I didn't realize it until I watched the Colbert Report this evening (and, boy, hasn't he surpassed Jon Stewart?) but this was the 20th anniversary of Ronald Reagan's famous "Mr. Gorbachev...tear down this wall" speech.
Within a couple of years of that speech, the Berlin Wall had, indeed, been torn down and the world was, for at least a short time, transformed.
Sadly, there was not a single mention of this on the news networks I watched or newspapers and Web sites I read today. It probably should have been front and centre in many of them.
It comes at a time when I'm reading Natan Sharansky's book "The Case for Democracy." In it, Sharansky pays a lot of attention to Reagan's speech; it marked a clear reversal from the policy of detente that allowed the Soviet Union to pretend to be peaceful while still funding violent movements and crushing civil rights internally. Sharansky, himself, at one time faced trial for a charge that could have brought the death penalty.
Sharansky argues that you cannot have peace without freedom, that the Western world should not yield its knowledge, economic advances and military capabilities to non-democracies without attaching conditions of demonstrated improvement in its external and, particularly, internal policies. The Soviet Union, he says, could have have been forced into collapse earlier by increased isolation and pressure from the West rather than the legitimacy it was offered through allowing it to remain a "fear" society.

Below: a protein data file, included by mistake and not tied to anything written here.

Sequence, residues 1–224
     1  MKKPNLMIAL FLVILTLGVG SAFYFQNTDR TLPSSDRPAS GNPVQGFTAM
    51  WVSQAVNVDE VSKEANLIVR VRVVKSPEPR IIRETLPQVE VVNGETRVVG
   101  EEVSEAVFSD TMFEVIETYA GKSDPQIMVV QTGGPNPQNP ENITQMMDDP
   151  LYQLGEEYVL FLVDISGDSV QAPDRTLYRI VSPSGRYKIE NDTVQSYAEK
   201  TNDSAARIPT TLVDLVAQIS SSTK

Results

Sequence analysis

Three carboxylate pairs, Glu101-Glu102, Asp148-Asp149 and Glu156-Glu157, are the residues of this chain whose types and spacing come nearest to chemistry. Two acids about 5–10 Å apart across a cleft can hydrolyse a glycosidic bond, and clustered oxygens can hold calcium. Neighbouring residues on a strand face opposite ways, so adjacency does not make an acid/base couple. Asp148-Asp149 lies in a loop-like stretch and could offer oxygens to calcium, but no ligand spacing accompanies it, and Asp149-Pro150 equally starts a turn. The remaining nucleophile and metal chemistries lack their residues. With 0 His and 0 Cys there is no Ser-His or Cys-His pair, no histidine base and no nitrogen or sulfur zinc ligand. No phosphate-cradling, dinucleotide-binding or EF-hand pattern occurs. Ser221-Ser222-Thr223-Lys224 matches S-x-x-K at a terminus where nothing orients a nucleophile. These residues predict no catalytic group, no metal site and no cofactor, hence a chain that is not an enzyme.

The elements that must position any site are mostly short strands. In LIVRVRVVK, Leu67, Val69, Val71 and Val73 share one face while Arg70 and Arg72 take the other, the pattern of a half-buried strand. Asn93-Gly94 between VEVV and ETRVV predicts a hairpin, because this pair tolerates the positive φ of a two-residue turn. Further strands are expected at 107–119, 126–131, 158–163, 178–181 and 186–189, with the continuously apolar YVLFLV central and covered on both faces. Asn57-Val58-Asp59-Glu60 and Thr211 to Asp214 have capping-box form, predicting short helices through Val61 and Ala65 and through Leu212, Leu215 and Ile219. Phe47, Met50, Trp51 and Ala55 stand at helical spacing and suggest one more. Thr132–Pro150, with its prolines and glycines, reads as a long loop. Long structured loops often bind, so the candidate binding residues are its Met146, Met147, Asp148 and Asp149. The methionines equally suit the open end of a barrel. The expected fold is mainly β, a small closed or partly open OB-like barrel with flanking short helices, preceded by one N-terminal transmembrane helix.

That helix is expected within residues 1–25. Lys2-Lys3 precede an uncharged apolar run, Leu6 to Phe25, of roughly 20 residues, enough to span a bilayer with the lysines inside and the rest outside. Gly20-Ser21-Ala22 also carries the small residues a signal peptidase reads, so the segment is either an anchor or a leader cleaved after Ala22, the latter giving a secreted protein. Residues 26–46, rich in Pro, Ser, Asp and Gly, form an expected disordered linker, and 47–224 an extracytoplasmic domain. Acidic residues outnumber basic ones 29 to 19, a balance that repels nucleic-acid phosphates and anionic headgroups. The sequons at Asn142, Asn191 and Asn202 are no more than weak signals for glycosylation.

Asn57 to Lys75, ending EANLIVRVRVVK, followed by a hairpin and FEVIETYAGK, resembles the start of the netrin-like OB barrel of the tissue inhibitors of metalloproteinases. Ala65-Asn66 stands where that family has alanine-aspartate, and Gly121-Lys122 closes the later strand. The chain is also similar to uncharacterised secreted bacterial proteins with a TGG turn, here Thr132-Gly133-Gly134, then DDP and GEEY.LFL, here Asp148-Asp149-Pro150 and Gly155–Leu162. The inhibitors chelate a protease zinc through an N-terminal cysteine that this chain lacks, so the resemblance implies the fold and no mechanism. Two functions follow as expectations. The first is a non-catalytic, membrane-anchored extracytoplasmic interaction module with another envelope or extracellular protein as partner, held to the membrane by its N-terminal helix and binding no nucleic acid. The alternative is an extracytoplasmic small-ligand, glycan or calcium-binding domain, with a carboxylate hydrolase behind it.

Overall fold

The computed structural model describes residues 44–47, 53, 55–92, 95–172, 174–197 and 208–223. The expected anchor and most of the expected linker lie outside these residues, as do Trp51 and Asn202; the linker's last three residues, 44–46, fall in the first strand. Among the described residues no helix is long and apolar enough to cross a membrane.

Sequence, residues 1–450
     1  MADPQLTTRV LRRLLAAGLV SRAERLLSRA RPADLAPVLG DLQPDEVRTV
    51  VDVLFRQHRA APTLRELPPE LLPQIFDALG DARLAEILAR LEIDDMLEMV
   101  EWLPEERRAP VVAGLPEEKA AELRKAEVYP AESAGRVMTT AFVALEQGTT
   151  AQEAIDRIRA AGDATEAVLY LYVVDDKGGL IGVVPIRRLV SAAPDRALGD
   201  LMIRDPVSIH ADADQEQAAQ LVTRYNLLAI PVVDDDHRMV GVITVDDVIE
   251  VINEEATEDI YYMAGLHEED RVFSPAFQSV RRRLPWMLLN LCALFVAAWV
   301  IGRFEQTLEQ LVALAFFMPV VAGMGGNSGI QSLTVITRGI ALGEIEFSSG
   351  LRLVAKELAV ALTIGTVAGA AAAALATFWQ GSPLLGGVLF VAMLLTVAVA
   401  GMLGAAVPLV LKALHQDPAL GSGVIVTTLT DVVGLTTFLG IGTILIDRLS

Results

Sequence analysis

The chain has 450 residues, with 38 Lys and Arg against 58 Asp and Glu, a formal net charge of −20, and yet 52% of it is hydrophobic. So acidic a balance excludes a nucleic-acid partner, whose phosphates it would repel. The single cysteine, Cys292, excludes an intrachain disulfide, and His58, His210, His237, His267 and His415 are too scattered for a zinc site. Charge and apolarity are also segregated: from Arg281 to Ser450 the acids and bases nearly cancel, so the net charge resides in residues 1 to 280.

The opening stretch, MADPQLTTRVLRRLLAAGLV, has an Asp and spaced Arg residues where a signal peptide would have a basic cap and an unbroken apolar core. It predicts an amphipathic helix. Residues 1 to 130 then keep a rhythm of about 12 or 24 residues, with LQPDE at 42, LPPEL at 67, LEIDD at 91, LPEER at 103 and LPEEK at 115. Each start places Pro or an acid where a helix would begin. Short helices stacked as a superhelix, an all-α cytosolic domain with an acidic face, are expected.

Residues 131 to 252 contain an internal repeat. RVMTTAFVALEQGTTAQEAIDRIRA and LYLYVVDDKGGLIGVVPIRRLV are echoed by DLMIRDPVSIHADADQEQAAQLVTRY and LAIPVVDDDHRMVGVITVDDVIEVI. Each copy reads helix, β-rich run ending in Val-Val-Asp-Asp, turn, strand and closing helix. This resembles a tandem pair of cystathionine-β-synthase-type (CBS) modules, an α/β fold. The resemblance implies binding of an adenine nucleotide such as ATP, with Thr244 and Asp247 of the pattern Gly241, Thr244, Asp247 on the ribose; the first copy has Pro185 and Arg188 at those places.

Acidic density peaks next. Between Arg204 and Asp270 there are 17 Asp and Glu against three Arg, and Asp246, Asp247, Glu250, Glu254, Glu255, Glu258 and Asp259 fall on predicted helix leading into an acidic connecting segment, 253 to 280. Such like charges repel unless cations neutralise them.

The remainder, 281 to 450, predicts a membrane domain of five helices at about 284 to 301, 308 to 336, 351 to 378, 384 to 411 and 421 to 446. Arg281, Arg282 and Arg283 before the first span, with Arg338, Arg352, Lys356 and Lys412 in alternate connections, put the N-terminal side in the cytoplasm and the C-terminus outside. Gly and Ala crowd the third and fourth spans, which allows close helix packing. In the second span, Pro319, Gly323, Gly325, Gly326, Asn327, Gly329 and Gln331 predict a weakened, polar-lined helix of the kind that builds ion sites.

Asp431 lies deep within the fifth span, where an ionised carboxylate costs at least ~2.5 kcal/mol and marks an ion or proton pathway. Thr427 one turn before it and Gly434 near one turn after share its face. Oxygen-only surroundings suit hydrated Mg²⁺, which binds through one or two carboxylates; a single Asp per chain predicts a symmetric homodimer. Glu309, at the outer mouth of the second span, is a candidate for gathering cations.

I was in my late teens when Reagan came to office. I was young and naive and subject to the normal tendencies of people that age, believed Reagan was a nut who stood a good chance of getting us all killed by getting in the face of the Soviet Union. I was totally wrong and have known, without question, exactly how wrong I was since the start of the second palestinian intifailure.
I can only say that, thankfully, 19-year-olds can't be President unless it's of a frat house. Reagan, for whatever faults he had, helped bring an end to the Soviet Union which was a great boon for the world. If there was a candidate for '08 who would approach the current situation in Russia and China in much the same manner, it would be a good thing.
At any rate, the West really does need to stand up to tyranny and to tie its aid and support to nations that are striving to give their citizens a better life.
Unfortunately, that means a lot of people would have to stop acting like teenagers - believing that any sacrifice is too much sacrifice and that all people can be swayed by words.
There may not be that many things worth fighting for but our freedom is unquestionably one of them. And, if we act intelligently (ie. before a crisis), all we have to sacrifice is some of our economic largesse along with some diplomatic niceties.